For Immediate Release - April 09, 2007


Report details regional economic losses due to new regulatory restrictions, signals need for immediate aid and new approach to conserving fish stocks while preserving the fishing industry

BOSTON - Monday, April 9, 2007 - Governor Deval L. Patrick today submitted to the federal government documentation showing regional economic losses of $22 million due to recent changes in federal commercial fishing regulations and called for federal relief for the Massachusetts groundfishing fleet.

"Everyone agrees that the stocks of groundfish in the waters off the coast of Massachusetts need to be replenished," said Governor Patrick. "Everyone also agrees that the fishing industry needs to remain part of the life of the Commonwealth. The revenue declines experienced by fishing communities represent a true economic disaster."

Governor Patrick sent the report - compiled by the state's Division of Marine Fisheries (DMF) -- to U.S. Secretary of Commerce Carlos M. Gutierrez in support of his earlier request for a federal declaration of economic disaster affecting the Massachusetts commercial groundfishing fleet. Declaration of a "fisheries resource disaster" due to regulatory restriction, under provisions of the Magnuson-Stevens Fishery Conservation and Management Act as amended by the Reauthorization Act of 2006, is a necessary first step toward obtaining emergency relief from the federal government that could allow the fishing fleet to survive a period of regulatory restriction on groundfish that is having a disproportionate impact on Massachusetts vessels.

In his letter transmitting the DMF analysis to Secretary Gutierrez, Governor Patrick wrote: "I urge you, upon reviewing this report, to declare a fishery resource disaster in the Massachusetts commercial fishing industry, and to make available the disaster relief that will allow this historic and vital Massachusetts industry to survive a period of severe regulatory restriction. I look forward to working with you toward our shared goals of conserving natural resources and preserving our fishing communities."

In a previous letter sent February 21, Governor Patrick asked Secretary Gutierrez to "take this initial request under advisement" while he worked with experts and local representatives "to document the nature and extent of the economic disaster" facing the groundfishing fleet, related industries, and the communities that depend on them. Today, Governor Patrick released the report prepared by the DMF substantiating his claim of economic harm caused by recent federal regulatory actions.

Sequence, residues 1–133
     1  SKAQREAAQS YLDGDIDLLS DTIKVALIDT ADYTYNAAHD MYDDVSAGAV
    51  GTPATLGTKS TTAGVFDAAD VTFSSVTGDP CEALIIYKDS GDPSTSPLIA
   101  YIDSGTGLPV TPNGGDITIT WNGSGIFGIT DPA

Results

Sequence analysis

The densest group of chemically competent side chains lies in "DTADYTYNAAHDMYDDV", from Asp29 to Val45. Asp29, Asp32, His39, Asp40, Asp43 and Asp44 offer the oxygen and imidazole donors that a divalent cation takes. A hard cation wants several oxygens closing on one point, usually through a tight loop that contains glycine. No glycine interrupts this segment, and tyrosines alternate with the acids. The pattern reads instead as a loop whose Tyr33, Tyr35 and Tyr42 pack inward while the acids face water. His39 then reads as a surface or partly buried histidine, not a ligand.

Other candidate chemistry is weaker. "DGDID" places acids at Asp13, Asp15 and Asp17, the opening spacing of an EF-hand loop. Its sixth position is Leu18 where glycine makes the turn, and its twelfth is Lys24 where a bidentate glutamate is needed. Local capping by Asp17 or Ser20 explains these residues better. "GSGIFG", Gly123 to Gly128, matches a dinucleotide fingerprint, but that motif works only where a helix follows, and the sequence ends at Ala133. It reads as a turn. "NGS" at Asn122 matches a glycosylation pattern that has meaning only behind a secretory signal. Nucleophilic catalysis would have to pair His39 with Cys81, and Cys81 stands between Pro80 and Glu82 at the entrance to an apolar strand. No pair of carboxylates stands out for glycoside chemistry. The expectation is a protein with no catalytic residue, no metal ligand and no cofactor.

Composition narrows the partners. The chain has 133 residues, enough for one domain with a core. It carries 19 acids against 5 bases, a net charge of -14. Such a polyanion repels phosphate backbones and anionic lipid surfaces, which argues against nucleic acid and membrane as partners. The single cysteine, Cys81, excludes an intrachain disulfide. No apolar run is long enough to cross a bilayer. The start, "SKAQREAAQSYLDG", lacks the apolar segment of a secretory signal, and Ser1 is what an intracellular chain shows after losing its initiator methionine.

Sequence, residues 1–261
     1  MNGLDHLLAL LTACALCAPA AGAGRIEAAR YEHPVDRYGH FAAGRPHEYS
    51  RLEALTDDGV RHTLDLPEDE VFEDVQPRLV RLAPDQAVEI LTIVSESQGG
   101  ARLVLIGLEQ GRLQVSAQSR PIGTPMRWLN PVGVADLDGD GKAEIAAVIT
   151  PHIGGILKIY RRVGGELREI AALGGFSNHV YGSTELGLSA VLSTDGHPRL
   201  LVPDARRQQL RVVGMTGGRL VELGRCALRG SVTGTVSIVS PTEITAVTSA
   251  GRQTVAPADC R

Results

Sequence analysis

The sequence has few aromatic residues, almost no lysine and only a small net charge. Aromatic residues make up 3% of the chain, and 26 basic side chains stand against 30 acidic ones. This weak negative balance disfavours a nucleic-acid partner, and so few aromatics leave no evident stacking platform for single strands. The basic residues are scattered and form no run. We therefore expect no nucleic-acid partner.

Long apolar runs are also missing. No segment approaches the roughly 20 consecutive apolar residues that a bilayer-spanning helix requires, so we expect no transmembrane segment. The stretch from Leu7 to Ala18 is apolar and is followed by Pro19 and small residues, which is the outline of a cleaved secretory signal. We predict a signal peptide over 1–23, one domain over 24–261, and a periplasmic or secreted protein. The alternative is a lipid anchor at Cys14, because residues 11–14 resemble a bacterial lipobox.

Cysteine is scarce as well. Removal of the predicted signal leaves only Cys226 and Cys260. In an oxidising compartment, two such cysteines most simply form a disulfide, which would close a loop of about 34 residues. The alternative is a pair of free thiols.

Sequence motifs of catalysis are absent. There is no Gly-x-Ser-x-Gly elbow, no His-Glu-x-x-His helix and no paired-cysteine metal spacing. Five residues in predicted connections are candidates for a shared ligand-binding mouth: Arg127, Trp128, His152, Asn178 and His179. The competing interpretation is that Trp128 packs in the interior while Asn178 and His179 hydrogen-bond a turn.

"Federal relief is in order to help our communities now, but this long-term cycle of crisis, community decline, and crisis is unacceptable," Governor Patrick continued. "I commit the Commonwealth to collaborating with the federal government, the fishing industry, local communities and other stakeholders to create a science-based regulatory solution that conserves fish stocks and protects the communities that depend on fishing as a livelihood for the long run."

The DMF report finds a substantial and disproportionate reduction in revenue suffered by the Massachusetts groundfish fishery attributable to the implementation of emergency interim action in May 2006 and Framework 42 in November 2006. These two federal regulatory changes in the Northeast Multispecies Fisheries Management Plan sharply reduced allowable Days at Sea for the Massachusetts groundfish fishing fleet. As a result, revenues of Massachusetts groundfish vessels fell from $44.6 million in 2005 to $36.5 million in 2006, a decline of 18 percent. Using a multiplier of 2.7 to account for the impact on fisheries-related businesses, the total economic impact of this decline for related industries and communities is a decline of $22 million. This decline in revenues is greater than the corresponding decline that occasioned the declaration of a fishery resource disaster by the Secretary of Commerce in 1994.

A series of regulations imposed under the Northeast Multispecies Fishery Management Plan since 1994 have reduced the area and the number of days Massachusetts vessels are allowed to fish. The fishery management plan's most recent revision, Framework Adjustment 42, which went into effect November 22, 2006, further reduced the fishing days available to the inshore groundfishing fleet by an additional 50 percent.

On November 21, 2006, the Commonwealth filed suit over this new regulation, on the grounds that Framework 42 unduly restricts the Massachusetts fishing fleet, considering that the same fish stock can be harvested in other parts of the region without the same restriction. That lawsuit is pending in U.S. District Court.

On February 2, legislators and mayors representing the Bay State's coastal and fishing communities wrote to Governor Patrick asking that he seek a federal declaration of economic emergency for the state's commercial fishing industry. On February 16, the governor met with a delegation of lawmakers and fishing interests convened by Environmental Affairs Secretary Ian Bowles to discuss the crisis facing the Massachusetts commercial fishing industry.


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